engaging a complementary guide portion of said mating connector with said guide portion of said body; and
moving said mating connector from said second end of said guide member toward said first end of said guide member along said first axis until a plurality of complementary contacts of said mating connector make electrical contact with and deflect said upper portions of said plurality of contacts of said electrical connector, said mating connector having a plurality of rows of said complementary contacts, a complementary contact of a row making electrical contact with a contact of a row of said electrical connector simultaneously with a complementary contact of another row making electrical contact with a contact of another row of said electrical connector.
30. The method claimed in claim 29, wherein said moving step comprises the step of moving an enclosure of said mating connector having a maximum height less than about 9.8 millimeters and a maximum width less than about 13.5 millimeters.
31. The method claimed in claim 29, wherein said moving step comprises the step of moving said enclosure through a transceiver port opening in an electronic assembly enclosure.
32. The method claimed in claim 29, wherein said moving step comprises the step of moving said mating connector from said second end of said guide member toward said first end of said guide member along said first axis until a retainer of said electrical connector engages a complementary retainer of said mating connector and said engagement resists relative movement of said electrical connector and said mating connector in a direction along said third axis.
33. The method claimed in claim 29, wherein said moving step comprises the step of moving said mating connector from said second end of said guide member toward said first end of said guide member along said first axis until a portion of said mating connector resiliently deflects a clip of said electrical connector and exerts a retaining force in the direction of said third axis upon said portion of said mating connector.
34. The method claimed in claim 29, wherein said moving step comprises the step of moving said mating connector from said second end of said guide member toward said first end of said guide member along said first axis until a latch portion of said electrical connector engages a complementary latch portion of said mating connector and said engagement resists relative movement of said electrical connector and said mating connector in a direction along said first axis until said latch portion of said electrical connector and said complementary latch portion of said mating connector are operated to release the engagement.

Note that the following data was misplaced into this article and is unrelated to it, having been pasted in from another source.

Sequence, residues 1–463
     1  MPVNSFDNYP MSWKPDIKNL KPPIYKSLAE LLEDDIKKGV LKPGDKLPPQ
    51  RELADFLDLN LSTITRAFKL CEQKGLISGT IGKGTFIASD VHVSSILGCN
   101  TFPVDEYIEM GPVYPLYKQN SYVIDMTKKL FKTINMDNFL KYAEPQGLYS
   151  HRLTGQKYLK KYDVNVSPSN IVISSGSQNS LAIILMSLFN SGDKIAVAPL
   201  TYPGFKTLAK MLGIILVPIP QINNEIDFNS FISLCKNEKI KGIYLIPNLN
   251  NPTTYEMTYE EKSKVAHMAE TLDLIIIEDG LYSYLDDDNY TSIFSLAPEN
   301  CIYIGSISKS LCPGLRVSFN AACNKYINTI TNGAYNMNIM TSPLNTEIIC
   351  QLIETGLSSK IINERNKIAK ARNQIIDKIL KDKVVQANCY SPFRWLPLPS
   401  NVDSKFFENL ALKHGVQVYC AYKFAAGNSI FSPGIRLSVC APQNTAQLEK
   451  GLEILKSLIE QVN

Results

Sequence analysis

Descripción
BRIEF DESCRIPTION OF THE DRAWINGS

For a more complete understanding of the present invention, reference is now made to the following detailed description of the embodiments illustrated in the accompanying drawings, wherein:

FIG. 1A is an end view of a prior art J-lead connector for coupling two circuit boards;

FIG. 1B is similar to FIG. 1A and illustrates the completion of electrical contact between the circuit boards using the J-lead connector;

FIG. 2 is a perspective view of the connector system, showing an electronic assembly having a wedge connector mateable with a transceiver module;

FIG. 3 is a top plan view of the wedge connector;

FIG. 4 is an end view of the wedge connector;

FIG. 5 is a sectional view of the wedge connector;

FIG. 6 is similar to FIG. 5 and illustrates the mating action between the wedge connector and a circuit board of the transceiver module;

FIG. 7 is a perspective view showing the bottom of the transceiver module;

FIG. 8 is a top plan view of the contact pads of the transceiver module circuit board; and

FIG. 9 is a perspective view of the transceiver module, partially cut away to show the transceiver circuitry, illustrating the transceiver module mating with an optical cable.

DESCRIPTION OF A PREFERRED EMBODIMENT

As illustrated in FIG. 2, a peripheral device port assembly 20 for a personal computer or similar device (not shown) is electrically and mechanically mateable with a data transceiver module 22. Transceiver module 22 is preferably of the GBIC or SOC type and, as illustrated in FIG. 9, includes suitable optical transceiver electronics, such as a laser photodiode-based transmitter 21, a photodetector-based receiver 23, and suitable integrated circuit chips 25 that contain laser driver preamplifiers and other circuitry of the type conventionally included in optoelectronic transceivers. Module 22 receives and transmits serial optical data and serial electrical data, although parallel optical and/or parallel electrical transmission and reception is also contemplated within the realm of this invention. Module 22 communicates electrical signals to and from peripheral device port assembly 20 using the electrical connector system described below.